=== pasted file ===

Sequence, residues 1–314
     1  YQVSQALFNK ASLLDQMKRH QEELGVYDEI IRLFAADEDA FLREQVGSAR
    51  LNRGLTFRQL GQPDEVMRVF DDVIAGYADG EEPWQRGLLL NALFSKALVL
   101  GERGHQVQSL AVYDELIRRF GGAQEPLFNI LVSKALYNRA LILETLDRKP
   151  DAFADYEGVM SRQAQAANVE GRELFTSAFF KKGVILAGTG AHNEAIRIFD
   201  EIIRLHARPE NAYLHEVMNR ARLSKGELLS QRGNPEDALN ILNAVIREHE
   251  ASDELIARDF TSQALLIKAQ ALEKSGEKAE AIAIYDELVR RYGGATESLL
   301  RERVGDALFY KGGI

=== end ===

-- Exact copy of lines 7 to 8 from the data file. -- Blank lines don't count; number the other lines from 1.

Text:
   251  ASDELIARDF TSQALLIKAQ ALEKSGEKAE AIAIYDELVR RYGGATESLL
   301  RERVGDALFY KGGI